In this new weekly installment, Rabbi Avrohom Brashevitzky, Shliach to Doral, FL, will share his thoughts on the weekly Parsha, beginning this week with Parshas Bereishis.
In the Beginning, G-d Created
by Rabbi Avrohom Brashevitzky
Many years ago the Chosid Reb Abba Pliskin came to The Rebbe for Tishrei. The Rebbe called for him and instructed him to travel to the “out-of-town” communities to Farbreng with them for Simchas Beis Haso’eva. Reb Abba tried to utilize this opportunity to hear some insight from The Rebbe, so he said to The Rebbe: “I don’t know how to Farbreng!” The Rebbe responded: “you begin with a Chassiddishe story, then you say a Dvar Torah related to the Parsha or of timely relevance…”. Then He added: “This is the order in The Torah – first the story of creation and only then comes the first Mitzva”.
The famous Chasidic Gaon Rabbi Shlomo Yosef Zevin (who was one of the original editors/compilers of the Encyclopedia Talmudis) related that in one of his meetings with the Gaon Rabbi Yonah Mirtzbach (one the Roshei Yesiva of “Kol Torah” and a fellow member of the editorial board) the discussion turned to the amazing phenomena of the many Kolelim and the fact that (as a result) there are so many in our generation who are Talmidie Chachomim which translates into an enormous amount of scholarly Torah literature.
At the end of the conversation he asked: “Why is it that The Rebbe – who’s a tremendous Gaon and giant in Torah – doesn’t call on his Chassidim to join the ranks of those who subscribe to the idea of dedicating one’s life to full immersion in Torah – the lifelong study in Kollel?”. Rabbi Zevin responded: “I can’t answer in the Rebbe’s name, however NOW I understand why yesterday I received mail from The Rebbe – in it was a Sicha which was said by Him many months ago, and surprisingly He chose to send it to me now…”.
In this Sicha The Rebbe refers to the first Rashi of The Torah. Rashi explains why Hashem chose to begin with the story of creation vs. beginning with the first Mitzva we received as Am Yisroel. This is in order to “answer the Goyim who will accuse the Jewish People of being thieves for taking the Land of Israel away from them”. The Rebbe asks the obvious question: If The Torah should have indeed begun with the first Mitzva – is it possible that due to the (potential) argument of a Goy – the order of the entire Torah was changed?!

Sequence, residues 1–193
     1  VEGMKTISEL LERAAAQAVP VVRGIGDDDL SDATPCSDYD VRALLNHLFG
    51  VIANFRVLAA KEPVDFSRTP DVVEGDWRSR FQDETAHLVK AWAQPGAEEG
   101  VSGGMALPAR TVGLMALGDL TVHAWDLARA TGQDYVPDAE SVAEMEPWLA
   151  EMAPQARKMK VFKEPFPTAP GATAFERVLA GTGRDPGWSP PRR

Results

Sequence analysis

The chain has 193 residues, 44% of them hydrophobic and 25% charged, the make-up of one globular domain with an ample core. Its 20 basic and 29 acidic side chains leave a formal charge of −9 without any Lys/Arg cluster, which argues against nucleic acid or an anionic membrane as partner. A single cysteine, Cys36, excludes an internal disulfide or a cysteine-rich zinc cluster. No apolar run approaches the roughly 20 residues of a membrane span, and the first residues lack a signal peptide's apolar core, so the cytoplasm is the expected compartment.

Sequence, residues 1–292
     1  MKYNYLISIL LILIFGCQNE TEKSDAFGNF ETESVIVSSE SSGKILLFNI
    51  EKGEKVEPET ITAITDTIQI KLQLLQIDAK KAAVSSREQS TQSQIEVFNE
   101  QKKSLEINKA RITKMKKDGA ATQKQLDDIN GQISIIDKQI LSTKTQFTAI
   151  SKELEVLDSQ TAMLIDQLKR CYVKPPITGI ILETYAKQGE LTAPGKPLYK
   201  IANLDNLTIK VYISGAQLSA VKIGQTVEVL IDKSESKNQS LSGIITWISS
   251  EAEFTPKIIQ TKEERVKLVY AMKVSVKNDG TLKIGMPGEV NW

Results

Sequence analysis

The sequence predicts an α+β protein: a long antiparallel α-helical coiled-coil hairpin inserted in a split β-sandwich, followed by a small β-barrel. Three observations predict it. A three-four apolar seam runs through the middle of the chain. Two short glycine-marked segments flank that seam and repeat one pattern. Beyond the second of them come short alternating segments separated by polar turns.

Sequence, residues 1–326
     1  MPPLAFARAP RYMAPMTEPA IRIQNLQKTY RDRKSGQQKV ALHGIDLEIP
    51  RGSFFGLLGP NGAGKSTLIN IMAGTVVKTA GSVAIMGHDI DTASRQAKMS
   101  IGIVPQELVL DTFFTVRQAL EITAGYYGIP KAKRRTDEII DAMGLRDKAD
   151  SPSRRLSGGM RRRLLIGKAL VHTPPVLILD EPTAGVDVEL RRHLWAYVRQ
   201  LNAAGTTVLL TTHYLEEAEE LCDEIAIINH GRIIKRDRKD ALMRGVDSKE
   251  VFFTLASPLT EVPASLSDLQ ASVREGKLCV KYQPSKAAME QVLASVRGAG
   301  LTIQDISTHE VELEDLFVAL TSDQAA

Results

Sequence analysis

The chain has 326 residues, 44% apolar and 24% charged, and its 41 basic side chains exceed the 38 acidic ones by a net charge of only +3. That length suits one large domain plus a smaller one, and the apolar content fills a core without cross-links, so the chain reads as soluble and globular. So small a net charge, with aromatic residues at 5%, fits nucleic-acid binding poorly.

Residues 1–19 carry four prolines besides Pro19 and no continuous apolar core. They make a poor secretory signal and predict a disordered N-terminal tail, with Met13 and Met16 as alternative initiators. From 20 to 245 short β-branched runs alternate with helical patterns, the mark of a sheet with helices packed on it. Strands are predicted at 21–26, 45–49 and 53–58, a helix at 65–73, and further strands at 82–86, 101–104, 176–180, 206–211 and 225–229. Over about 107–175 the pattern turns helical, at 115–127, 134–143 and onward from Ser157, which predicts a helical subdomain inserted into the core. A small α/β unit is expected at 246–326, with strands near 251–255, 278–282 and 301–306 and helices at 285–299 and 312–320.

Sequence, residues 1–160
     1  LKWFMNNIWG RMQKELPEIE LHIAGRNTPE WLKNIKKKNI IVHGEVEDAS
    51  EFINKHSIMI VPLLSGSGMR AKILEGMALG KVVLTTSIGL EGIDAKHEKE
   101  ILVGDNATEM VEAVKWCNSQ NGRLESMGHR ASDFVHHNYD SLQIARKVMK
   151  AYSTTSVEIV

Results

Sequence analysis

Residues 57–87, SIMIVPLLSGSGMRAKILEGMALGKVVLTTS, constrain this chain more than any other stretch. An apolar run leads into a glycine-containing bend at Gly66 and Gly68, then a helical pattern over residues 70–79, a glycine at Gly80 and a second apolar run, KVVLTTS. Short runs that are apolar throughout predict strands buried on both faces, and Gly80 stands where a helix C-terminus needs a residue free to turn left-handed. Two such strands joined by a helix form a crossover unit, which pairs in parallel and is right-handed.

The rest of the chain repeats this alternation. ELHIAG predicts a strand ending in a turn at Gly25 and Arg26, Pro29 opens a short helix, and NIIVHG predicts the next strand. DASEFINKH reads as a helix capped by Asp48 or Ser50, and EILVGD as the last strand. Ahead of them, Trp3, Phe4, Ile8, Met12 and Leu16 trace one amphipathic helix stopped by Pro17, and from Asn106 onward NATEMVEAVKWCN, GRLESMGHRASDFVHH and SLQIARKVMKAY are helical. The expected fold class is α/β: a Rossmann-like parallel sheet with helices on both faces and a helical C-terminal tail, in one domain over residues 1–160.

The Rebbe goes on to explain how indeed these are not the argument of some Goyim, rather this is a response to the internal struggle we Yidden may have in regards to the proper approach to Torah and how to integrate with worldly matters. On the one hand, one may argue that it’s best to be totally removed from the world and be exclusively immersed in “the first Mitzva”. For this The Torah relates how the entire world is Hashem’s and in order for a Yid to accomplish his purpose with and through The Torah, Hashem gives us even from the “territory” which seems to belong to Goyim.
On the other hand, the Goy that’s inside of us may argue that we are stealing from him when we attempt to infuse worldly matters with G-dliness. This “Goy” is okay with the Yid learning and Davening and even doing his Mitzvos, only if it’s exclusive from the Gashmiyus of the world. However, he argues, when you are eating, doing business or plain enjoying life – don’t steal it away from Goyishkiet; don’t convert it into Kedusha! For this The Torah responds “the whole world belongs to Hashem! He gave certain matters to “Goyim” and in his choosing gave us the ability to “take it away from them and give it to us (for Torah)”. THE PURPOSE OF THE ENTIRE TORAH IS TO MAKE A “DIRAH B’TACHTONIM”.
Rabbi Mirtzbach reacted with amazement regarding the actual answer and the fact that the Rebbe “preempted” the answer to his question!
Vayomer Elokim Yehi Or Vayehi Or. Hashem said “let there be light” and there was light.